The first monument to commemorate the Jews and the Soviet monument in memory of the victims of Fascism
The first monument at the mass killing site was erected in May 1948 by the Jews who survived the Holocaust. They raised funds and built a monument with an inscription in Russian and Yiddish to commemorate the Jews who were killed. The inscription in Yiddish stated that the monument is dedicated to the “Eternal memory of the holy martyrs – the Jews of Vilnius and other places who were killed by fascist killers, enemies of humanity.” A biblical quote followed in Hebrew: “The voice of their blood cries out from the ground. Let God avenge for these holy martyrs. The 1st of Menachem Av, 5704 [1-7-1944]. Let their souls be entangled in life’s knot.” The Russian version of the text sounded slightly different: “In eternal memory of the Jews killed by German fascist killers, the most severe enemies of humanity. July 1941–July 1944.” Artist Mikhail Klein designed the monument, and the memorial inscriptions were made by Rabbi Chaim Shiffrin and the chairman of Vilnius religious Jewish community Grigory Kab. According to the statement of the Soviet secret police, the monument cost between 70,000 and 80,000 roubles, of which 15,000 were collected by the Jewish religious community and the rest was funded by other members of the community. The monument was erected by community members David Gordon, Ilya Eishyshok and David Zhitomirski. The Soviet censors and the secret police did not approve of the religious tone of the inscription in Yiddish and Hebrew; they also did not appreciate the different wording of the inscriptions in various languages, which was interpreted as manifestations of Jewish disloyalty and nationalism. In order to stop any Jewish public activities, the monument was not officially unveiled, although the Jewish community had hoped to do so on the day of Yom Kippur.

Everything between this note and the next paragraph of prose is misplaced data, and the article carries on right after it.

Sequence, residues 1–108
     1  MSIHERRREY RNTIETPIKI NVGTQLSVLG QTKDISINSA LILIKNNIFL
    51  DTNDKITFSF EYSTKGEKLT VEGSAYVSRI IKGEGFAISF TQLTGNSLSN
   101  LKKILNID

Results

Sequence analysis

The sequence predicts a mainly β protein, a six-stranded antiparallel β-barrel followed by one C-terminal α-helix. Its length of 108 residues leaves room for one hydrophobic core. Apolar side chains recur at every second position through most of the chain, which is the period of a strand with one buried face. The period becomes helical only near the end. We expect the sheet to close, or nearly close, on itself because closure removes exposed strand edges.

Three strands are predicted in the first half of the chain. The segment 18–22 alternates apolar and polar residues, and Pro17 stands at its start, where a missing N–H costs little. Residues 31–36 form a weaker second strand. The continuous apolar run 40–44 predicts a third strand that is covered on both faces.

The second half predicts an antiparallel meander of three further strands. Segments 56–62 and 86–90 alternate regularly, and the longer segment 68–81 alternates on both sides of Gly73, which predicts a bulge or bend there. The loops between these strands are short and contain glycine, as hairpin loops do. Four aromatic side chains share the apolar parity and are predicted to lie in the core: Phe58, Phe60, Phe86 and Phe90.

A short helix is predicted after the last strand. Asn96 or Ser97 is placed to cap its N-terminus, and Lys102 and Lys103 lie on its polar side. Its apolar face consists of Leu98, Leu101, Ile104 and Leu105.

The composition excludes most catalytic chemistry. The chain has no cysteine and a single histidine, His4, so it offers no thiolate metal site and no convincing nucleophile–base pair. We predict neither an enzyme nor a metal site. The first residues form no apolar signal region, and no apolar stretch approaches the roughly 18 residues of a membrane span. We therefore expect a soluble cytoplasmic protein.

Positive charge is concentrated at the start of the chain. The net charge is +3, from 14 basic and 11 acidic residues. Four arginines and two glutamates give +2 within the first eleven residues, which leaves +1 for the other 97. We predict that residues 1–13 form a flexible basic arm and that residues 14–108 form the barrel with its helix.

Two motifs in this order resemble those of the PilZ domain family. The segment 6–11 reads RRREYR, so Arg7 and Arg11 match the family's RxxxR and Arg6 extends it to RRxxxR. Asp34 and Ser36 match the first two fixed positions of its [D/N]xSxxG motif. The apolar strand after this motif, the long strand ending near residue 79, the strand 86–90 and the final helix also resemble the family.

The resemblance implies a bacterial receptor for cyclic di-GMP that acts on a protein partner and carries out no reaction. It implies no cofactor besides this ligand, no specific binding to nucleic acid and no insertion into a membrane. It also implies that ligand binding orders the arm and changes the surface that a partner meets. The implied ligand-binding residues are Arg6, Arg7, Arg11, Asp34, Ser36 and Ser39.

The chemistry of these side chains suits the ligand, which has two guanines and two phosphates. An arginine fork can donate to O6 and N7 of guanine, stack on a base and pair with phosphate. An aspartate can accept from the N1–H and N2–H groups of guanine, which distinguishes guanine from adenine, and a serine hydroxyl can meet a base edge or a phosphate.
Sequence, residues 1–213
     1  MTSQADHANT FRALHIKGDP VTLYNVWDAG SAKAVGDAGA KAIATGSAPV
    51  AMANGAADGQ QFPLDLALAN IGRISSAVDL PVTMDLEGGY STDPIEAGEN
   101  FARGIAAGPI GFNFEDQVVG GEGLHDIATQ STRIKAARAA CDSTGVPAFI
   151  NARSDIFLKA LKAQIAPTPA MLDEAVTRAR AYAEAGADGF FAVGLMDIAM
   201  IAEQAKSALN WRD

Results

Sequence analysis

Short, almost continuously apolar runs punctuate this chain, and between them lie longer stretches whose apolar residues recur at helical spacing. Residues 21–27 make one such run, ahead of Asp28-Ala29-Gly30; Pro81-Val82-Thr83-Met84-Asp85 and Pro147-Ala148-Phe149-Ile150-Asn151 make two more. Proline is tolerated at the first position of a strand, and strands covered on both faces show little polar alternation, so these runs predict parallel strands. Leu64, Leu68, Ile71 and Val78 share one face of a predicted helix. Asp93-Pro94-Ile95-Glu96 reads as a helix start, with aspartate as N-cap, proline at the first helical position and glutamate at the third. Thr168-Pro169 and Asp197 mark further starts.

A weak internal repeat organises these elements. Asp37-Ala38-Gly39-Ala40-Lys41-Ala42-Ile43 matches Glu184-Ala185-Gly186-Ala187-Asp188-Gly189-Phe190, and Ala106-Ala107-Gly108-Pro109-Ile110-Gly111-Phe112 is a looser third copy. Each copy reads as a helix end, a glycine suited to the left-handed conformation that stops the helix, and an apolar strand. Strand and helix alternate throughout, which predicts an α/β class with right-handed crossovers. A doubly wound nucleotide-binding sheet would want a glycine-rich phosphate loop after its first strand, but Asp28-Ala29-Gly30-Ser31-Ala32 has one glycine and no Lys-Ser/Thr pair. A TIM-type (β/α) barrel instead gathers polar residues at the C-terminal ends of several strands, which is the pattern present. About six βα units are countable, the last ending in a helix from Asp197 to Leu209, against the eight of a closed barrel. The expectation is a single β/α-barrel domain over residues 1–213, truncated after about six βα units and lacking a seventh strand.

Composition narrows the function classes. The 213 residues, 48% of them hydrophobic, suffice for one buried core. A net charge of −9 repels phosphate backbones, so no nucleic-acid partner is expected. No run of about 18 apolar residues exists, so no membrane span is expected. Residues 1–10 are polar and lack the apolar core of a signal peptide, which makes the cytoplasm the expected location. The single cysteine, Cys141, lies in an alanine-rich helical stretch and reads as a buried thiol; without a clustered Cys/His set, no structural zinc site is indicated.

During the Kremlin-initiated anti-Semitic campaign between 1948 and 1952, the monument was pulled down and replaced with an obelisk bearing the inscription “In memory of the victims of Fascism”, which reflected the memorial policy of the Soviet state, levelling all victims of the Nazi regime by naming them ‘Soviet citizens’, ‘Soviet people’, ‘peaceful civilians’, ‘Lithuanian residents’, ‘men, women and children’.
This obelisk is the oldest monument in the memorial area. It is visited each year on the 8th of May to commemorate the end of World War II, as well as on the 2nd of August, on the day of the Roma genocide.